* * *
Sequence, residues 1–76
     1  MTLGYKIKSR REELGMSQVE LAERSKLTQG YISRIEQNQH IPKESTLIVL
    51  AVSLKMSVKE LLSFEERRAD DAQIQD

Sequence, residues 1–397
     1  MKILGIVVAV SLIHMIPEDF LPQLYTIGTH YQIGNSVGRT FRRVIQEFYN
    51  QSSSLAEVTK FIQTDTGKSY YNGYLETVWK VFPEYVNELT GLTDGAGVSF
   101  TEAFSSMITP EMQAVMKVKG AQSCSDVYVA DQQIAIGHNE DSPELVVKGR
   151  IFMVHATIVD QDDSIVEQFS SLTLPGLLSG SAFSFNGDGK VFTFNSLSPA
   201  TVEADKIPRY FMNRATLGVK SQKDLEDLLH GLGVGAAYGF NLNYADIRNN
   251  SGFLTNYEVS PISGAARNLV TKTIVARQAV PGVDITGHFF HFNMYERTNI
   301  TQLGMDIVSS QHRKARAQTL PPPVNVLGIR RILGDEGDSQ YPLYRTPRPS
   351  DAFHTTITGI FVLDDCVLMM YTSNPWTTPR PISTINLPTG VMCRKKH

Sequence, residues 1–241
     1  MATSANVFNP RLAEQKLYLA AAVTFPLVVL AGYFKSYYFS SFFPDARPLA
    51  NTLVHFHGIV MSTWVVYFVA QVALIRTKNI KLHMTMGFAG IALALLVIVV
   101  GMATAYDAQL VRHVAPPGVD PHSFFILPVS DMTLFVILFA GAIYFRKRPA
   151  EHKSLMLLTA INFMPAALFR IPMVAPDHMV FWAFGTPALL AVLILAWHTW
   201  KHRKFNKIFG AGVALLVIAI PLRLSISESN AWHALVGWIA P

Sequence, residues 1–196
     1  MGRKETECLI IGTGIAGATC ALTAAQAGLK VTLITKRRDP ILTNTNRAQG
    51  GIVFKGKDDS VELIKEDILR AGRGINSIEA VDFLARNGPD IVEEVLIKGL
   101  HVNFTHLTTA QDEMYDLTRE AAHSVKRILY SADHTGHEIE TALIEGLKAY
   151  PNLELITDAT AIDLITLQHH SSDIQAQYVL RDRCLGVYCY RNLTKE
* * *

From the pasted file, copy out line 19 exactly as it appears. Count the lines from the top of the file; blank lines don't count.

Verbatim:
Sequence, residues 1–196